that (+) should work at any type `a`, so long as `a` is a member
of the `Num` type class.
`Num` is one of many type classes in Haskell's standard library.
Types like `Int` and `Double` are members of this class because they
support operations like (+) and (-).
Eq
==
Let's consider another function we've been using quite a bit:
(==) :: Eq a => a -> a -> a
Of course! It wouldn't make sense to check for equality at any type -
how does one compare functions, for example?
Let's peek at the definition of the Eq type class:
class Eq a where
(==) :: a -> a -> Bool
(/=) :: a -> a -> Bool
This declares `Eq` to be a type class with a single parameter, `a`.
To show that some type is a member of the class, we must provide
definitions of (==) and (/=) for the type. We do this with an
"instance" declaration.
For example, consider the following type:
> data PrimaryColor = Red | Green | Blue
We can tell Haskell that `PrimaryColor`s can be compared for equality
like this:
> instance Eq PrimaryColor where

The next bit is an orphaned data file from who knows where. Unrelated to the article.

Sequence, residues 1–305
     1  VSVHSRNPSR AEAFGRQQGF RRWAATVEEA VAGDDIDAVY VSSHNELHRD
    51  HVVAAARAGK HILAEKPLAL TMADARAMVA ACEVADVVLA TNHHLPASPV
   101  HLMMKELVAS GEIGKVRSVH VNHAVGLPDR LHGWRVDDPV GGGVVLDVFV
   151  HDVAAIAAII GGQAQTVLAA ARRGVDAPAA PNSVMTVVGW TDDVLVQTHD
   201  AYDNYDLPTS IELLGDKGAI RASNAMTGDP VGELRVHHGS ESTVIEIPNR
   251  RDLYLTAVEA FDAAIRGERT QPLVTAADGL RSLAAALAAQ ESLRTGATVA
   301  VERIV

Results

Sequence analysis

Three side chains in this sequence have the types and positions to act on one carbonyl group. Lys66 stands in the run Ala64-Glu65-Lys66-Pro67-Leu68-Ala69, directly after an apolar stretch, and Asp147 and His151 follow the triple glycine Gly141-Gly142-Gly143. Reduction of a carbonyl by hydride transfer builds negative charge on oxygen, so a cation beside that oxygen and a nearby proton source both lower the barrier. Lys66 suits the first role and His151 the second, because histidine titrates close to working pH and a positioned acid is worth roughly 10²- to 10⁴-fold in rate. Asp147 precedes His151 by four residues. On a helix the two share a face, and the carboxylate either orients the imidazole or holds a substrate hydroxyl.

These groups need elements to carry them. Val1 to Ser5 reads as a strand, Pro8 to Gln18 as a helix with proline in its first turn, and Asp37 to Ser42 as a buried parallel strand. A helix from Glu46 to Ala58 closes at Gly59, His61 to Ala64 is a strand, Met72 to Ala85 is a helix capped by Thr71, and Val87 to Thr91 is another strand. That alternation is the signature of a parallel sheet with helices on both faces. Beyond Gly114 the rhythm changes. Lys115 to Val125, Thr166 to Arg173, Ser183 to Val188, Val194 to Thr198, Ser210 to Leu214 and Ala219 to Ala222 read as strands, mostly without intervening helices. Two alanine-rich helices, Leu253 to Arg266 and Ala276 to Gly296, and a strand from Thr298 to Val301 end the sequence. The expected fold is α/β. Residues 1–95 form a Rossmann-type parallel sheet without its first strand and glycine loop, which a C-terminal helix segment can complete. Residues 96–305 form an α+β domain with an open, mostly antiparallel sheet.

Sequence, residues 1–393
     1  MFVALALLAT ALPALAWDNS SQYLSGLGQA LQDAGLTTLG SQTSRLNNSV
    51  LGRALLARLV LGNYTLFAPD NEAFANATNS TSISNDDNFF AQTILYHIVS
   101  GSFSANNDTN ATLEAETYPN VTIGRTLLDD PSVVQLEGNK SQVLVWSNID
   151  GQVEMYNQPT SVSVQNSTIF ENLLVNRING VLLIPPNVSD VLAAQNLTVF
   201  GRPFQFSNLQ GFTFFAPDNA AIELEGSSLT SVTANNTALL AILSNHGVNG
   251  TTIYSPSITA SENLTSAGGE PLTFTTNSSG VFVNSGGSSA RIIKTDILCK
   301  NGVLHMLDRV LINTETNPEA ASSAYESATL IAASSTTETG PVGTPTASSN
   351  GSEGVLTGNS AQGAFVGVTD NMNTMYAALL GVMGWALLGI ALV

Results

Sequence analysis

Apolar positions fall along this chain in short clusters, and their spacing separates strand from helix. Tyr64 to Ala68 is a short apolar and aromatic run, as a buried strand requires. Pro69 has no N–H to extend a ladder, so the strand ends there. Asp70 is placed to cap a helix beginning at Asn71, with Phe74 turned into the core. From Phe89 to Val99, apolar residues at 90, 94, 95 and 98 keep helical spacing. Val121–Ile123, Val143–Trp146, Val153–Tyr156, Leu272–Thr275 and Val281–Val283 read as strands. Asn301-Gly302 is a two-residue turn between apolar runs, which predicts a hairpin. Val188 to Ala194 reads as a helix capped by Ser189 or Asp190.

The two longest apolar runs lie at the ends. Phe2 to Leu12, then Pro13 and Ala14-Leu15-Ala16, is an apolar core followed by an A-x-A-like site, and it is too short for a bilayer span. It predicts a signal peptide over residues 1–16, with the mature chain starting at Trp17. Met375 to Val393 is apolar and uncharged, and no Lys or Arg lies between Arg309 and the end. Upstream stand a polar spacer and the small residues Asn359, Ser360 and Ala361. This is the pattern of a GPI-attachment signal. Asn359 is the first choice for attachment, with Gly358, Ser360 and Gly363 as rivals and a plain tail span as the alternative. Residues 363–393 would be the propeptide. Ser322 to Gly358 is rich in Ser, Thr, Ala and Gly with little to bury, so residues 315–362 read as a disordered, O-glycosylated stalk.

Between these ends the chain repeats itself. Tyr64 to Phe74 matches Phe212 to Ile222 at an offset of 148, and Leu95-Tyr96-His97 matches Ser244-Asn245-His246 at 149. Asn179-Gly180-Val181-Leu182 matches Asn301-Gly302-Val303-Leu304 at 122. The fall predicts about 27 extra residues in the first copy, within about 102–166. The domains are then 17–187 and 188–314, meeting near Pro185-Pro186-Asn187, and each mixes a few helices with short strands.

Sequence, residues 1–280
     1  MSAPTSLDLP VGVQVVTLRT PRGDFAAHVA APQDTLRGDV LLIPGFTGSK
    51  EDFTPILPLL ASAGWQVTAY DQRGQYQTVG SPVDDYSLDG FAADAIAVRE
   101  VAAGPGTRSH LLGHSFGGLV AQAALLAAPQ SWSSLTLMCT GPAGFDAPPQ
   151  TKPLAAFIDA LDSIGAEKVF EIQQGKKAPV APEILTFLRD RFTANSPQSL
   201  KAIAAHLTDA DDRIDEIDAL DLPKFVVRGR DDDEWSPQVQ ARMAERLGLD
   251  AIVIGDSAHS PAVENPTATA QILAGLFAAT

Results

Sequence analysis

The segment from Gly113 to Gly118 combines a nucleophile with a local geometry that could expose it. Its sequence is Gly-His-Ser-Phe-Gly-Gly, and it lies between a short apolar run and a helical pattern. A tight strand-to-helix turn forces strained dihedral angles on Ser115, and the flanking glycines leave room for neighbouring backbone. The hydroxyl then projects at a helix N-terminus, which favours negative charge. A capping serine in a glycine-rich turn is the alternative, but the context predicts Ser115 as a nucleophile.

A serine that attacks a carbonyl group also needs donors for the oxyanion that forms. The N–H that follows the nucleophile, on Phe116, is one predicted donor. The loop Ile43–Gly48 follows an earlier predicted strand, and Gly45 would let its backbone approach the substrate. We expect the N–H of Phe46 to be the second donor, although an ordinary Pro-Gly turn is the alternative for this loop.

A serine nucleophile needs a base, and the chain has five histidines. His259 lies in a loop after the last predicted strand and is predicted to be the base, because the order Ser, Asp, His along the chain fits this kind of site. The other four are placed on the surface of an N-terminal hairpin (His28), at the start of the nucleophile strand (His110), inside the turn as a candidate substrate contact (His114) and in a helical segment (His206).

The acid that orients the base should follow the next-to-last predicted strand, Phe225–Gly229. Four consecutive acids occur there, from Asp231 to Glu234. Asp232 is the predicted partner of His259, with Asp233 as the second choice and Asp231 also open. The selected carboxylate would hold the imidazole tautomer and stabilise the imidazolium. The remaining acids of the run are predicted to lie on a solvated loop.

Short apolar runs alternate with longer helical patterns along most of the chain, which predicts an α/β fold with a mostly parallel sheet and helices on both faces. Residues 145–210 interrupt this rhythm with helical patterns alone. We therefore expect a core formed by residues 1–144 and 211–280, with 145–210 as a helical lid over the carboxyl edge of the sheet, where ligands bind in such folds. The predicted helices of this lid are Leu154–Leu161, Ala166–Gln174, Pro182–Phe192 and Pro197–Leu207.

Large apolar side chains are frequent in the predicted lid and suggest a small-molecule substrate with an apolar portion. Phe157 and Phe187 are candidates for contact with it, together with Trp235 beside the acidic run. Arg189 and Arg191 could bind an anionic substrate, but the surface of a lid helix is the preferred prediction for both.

> Red == Red = True
> Green == Green = True
> Blue == Blue = True
> _ == _ = False
>
> c1 /= c2 = not (c1 == c2)
Now we can use (==) and (/=) on `PrimaryColor`s!
> fancyTrue :: Bool
> fancyTrue = Red == Red
It might seem annoying, though, that we had to provide both (==) and
(/=)...
Actually, we don't! Type classes are allowed to provide "default
instances" - the full definition of `Eq` from the Prelude is:
class Eq a where
(==),(/=) :: a -> a -> Bool
x /= y = not (x == y)
x == y = not (x /= y)
So to define `Eq` for a new type, we only actually have to provide one
of (==) and (/=). Haskell can figure out the other for us.
Let's do another example. We'd like to define `Eq` for the type
`Tree` that we saw last time. But we have a bit of a problem - to
check if trees are equal, we'll need to know if the data in each pair
of `Branch`s is equal. Put another way, we'll only be able to compare
two `Tree a`s if `a` is already an instance of `Eq`.
No worries, Haskell lets us put type class constraints on our instance
declarations:
> instance Eq a => Eq (Tree a) where
> _ == _ = undefined